The hacker known as Reckz0r proclaimed that he had illegally accessed these banks’ servers, and he provided the confidential data to prove it.  Reckz0r boasted that he was only showing only a portion of the data stolen, and the full amount is “about 50GB or bigger” taken from “over 79 large banks.”  He also said that he had been working on his project over the last three months.


    The international credit card processing company Global Payments confirmed back in March that hackers had stolen the credit card numbers of as many as 1.5 million MasterCard and Visa customers. No one is saying whether this new data leaked by Reckz0r was part of the earlier breach.




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  • LG ends tablet production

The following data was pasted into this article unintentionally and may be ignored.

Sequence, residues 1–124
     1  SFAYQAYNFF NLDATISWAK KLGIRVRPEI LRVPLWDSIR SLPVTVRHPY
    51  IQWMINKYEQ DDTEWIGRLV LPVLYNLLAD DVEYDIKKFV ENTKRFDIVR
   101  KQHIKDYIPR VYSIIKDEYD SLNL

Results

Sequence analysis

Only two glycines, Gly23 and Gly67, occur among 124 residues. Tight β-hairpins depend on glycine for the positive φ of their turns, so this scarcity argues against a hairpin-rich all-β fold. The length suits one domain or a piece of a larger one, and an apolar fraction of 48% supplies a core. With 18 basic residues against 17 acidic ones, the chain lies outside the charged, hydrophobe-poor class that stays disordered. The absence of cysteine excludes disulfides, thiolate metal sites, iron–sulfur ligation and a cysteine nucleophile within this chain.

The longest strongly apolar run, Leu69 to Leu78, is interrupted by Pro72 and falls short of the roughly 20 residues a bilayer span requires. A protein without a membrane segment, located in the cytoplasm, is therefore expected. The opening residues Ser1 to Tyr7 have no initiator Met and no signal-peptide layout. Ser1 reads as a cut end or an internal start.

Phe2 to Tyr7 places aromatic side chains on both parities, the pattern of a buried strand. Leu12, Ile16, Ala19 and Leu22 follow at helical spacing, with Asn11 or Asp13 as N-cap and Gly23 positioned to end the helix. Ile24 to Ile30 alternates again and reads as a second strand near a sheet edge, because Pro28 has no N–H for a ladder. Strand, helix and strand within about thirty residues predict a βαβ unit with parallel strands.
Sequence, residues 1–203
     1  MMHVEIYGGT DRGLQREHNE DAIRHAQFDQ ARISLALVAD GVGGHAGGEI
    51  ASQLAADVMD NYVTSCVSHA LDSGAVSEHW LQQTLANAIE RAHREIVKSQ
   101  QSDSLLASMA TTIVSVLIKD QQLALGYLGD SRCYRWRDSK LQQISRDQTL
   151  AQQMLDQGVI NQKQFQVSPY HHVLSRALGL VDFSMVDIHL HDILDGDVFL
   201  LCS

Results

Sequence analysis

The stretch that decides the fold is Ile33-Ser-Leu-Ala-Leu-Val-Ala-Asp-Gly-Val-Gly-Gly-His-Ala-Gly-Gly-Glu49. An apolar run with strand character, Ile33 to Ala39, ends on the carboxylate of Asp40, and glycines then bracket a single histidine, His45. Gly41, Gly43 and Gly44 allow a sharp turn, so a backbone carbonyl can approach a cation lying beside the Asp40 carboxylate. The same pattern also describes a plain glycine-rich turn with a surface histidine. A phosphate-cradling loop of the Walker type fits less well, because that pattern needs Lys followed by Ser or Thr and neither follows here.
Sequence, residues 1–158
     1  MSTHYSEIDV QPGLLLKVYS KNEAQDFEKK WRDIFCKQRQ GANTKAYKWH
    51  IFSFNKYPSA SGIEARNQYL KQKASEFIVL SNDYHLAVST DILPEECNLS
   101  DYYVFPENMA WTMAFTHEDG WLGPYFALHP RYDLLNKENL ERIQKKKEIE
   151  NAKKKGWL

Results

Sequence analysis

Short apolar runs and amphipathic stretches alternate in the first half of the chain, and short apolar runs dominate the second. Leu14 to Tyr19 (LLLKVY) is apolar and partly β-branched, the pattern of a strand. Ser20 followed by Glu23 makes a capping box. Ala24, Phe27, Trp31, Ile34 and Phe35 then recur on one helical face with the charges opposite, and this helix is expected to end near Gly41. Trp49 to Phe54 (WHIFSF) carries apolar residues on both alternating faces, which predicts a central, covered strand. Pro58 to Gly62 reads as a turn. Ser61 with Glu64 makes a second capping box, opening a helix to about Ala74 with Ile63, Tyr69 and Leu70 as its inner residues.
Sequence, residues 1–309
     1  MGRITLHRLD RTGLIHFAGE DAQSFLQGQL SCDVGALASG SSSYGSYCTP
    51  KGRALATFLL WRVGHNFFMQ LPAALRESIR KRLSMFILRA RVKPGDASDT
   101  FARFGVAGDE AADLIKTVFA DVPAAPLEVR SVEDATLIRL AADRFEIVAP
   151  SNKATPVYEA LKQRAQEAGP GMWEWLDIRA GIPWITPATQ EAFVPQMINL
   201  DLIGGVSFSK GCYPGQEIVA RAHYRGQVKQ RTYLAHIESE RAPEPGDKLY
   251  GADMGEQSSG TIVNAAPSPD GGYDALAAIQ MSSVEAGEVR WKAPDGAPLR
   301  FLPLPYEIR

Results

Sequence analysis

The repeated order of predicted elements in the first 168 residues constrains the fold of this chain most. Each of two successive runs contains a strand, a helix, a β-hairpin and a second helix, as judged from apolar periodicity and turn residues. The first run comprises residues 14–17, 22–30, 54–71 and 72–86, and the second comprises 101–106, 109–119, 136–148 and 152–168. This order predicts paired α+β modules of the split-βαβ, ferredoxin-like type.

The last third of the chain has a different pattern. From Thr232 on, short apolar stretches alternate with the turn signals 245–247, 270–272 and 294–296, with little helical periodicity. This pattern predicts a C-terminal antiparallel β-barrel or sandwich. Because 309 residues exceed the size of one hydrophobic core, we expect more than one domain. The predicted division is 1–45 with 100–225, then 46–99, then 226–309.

Posted on June 26, 2012 by Pure Mobile

    By Aldo Panessidi


    LG Mobile announced that it will halt both time and investment in tablet development and instead concentrate their attention on making smartphones including the Optimus L7, Optimus 4G LTE and Gossip Pro 


    LG ends tablet production


    Ken Hong, an LG spokesman, couldn’t have made it any clearer when he told Bloomberg, “We’ve decided to put all new tablet development on the back burner for the time being in order to focus on smartphones.”


    LG launched the Optimus Pad LTE earlier this year, but hasn’t been able to make any inroads against Apple, Amazon and Samsung in the tablet market. The South Korean electronics manufacturer will try to turn around its smartphone business by concentrating on its Optimus line of Android devices. Hong also noted that the company is still interested in making phones using Microsoft’s Windows Phone software.




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  • By Aldo Panessidi